• accept-Patch - Hints the PATCH [RFC5789] request formats accepted by the resource for this client; equivalent to the Accept-Patch HTTP response header.
  • acceptPost - Hints the POST request formats accepted by the resource for this client.
  • acceptPut - Hints the PUT request formats accepted by the resource for this client.
  • acceptRanges - Hints the range-specifiers available to the client for this resource; equivalent to the Accept-Ranges HTTP response header [RFC7233].
  • acceptPrefer - Hints the preferences [RFC7240] supported by the resource. Note that, as per that specifications, a preference can be ignored by the server.
  • docs - Hints the location for human-readable documentation for the relation type of the resource.
  • preconditionRequired - Hints that the resource requires state-changing requests (e.g., PUT, PATCH) to include a precondition, as per [RFC7232], to avoid conflicts due to concurrent updates.
  • authSchemes- Hints that the resource requires authentication using the HTTP Authentication Framework [RFC7235].
  • status - Hints the status of the resource.

These hints provide you with a base set of the most commonly used sets of information, but then there is also a HTTP resource hint registration where all hints are registered. Hints can be added, allowing for the addition of custom defined hints, providing additional information beforehand about what can be expected from a resource link included as part of a JSON Home index. It is a much more sophisticated approach describing the behaviors of links than we included in APIs.json, with the formal hint registry being very useful and well-defined.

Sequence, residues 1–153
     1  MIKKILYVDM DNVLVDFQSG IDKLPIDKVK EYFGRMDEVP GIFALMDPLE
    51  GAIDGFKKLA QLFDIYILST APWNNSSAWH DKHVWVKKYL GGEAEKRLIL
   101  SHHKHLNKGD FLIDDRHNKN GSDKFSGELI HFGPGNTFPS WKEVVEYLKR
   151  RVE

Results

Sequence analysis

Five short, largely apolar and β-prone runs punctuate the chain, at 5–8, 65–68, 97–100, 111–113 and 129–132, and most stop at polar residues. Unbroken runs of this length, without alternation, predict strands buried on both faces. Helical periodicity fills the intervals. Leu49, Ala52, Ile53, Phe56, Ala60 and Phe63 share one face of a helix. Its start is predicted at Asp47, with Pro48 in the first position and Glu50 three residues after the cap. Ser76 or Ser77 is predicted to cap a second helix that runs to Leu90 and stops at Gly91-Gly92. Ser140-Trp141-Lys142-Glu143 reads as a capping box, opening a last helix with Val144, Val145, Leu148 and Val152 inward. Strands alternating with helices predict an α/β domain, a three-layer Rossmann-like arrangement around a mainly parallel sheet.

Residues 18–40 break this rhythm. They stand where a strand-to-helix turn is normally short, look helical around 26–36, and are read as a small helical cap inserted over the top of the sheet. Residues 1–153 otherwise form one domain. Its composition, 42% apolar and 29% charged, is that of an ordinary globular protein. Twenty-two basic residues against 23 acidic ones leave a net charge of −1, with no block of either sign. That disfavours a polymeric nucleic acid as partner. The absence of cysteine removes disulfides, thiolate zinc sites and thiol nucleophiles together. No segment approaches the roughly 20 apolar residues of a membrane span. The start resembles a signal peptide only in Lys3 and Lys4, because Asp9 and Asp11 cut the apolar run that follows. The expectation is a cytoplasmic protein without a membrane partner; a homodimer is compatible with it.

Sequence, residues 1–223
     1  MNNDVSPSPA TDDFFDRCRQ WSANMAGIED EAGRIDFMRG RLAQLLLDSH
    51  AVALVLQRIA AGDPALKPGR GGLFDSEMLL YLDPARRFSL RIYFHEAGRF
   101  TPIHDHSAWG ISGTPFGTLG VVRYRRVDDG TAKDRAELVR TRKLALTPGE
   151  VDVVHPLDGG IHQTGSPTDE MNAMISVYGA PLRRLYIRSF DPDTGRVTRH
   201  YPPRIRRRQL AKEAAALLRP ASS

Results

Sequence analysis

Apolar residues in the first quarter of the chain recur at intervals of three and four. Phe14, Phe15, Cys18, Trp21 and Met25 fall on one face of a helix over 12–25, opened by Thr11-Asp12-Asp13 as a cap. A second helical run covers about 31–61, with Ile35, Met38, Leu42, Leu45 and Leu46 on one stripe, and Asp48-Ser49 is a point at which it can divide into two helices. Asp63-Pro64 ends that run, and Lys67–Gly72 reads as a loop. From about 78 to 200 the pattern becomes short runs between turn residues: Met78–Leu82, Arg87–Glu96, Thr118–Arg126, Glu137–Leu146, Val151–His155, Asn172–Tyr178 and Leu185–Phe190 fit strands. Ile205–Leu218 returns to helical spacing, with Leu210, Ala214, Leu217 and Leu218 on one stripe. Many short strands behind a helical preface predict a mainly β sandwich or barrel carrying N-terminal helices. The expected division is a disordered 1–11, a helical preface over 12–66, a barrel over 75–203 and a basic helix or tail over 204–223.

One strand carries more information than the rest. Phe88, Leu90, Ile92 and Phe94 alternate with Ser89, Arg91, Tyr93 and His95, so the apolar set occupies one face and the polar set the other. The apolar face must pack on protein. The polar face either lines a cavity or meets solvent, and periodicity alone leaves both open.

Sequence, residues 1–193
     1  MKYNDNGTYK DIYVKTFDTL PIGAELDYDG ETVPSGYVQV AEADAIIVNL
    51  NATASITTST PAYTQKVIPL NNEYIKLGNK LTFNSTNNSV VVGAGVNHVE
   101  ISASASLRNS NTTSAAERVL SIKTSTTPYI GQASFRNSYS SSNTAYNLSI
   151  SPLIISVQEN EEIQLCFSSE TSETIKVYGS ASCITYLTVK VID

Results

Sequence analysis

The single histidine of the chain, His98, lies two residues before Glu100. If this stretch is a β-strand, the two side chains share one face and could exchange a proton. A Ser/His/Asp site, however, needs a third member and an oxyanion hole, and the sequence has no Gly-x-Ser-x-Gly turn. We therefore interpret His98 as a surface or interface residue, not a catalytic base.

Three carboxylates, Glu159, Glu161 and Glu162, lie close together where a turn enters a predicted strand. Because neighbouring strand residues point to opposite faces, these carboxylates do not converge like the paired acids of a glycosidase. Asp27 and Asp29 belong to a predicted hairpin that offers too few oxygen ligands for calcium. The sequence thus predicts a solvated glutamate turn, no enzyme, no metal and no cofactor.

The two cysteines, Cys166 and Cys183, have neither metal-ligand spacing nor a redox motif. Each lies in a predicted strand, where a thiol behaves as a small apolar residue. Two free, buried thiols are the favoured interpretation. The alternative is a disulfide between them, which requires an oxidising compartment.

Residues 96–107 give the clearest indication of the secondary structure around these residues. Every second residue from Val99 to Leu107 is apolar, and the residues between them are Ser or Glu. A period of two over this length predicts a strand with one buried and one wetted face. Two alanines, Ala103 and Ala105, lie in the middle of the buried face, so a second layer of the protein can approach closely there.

I”d say that JSON Home has all the features for defining a single, or collections of APIs, but really reflects its roots in the web, and possesses a heavy focus on enabling action with each link. While this is part of the linking structure of APIs.json, I feel like the detail and the mandate for action around each resource in a JSON Home index is much stronger. I feel like JSON Home is in the same realm as Postman Collections, but when it comes to API discovery. I always feel like a Postman Collection is more transactional than OpenAPI is by default. There is definitely overlap, but Postman Collections always feels one or two step closer to some action being taken than OpenAPI does–I am guessing it is because of it’s client roots, similar to the web roots of JSON Home, and also OpenAPIs roots in documentation.

Ok. Yay! I have Pivio, and now JSON Home both loaded in my brain. I have a feel for what they are trying to accomplish, and have found some interesting layers I hadn’t considered while doing my APIs.json centered API discovery work. Now I can step back, and consider the features of all three of these API discovery formats, establish a rough Venn diagram of their features, and consider how they overlap, and compliment each other. I feel like we are moving towards an important time for API discovery, and with the growing number of APIs available we will see more investment in API discovery specifications, as well as services and tooling that help us with API discovery. I’ll keep working to understand what is going on, establish at least a general understanding of each API discovery specifications, and report back here about what is happening when I can.